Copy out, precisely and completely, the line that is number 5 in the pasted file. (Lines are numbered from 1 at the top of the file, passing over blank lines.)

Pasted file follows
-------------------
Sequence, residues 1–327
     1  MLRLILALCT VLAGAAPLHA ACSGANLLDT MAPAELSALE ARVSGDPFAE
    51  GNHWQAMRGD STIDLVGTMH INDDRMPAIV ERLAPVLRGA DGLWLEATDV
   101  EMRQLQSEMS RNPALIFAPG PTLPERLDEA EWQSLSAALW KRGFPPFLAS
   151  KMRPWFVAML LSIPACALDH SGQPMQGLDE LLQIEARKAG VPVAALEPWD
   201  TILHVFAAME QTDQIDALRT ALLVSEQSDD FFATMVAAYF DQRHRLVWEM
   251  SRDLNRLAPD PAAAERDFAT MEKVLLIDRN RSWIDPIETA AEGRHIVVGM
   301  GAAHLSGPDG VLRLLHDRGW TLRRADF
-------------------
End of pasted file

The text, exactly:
   151  KMRPWFVAML LSIPACALDH SGQPMQGLDE LLQIEARKAG VPVAALEPWD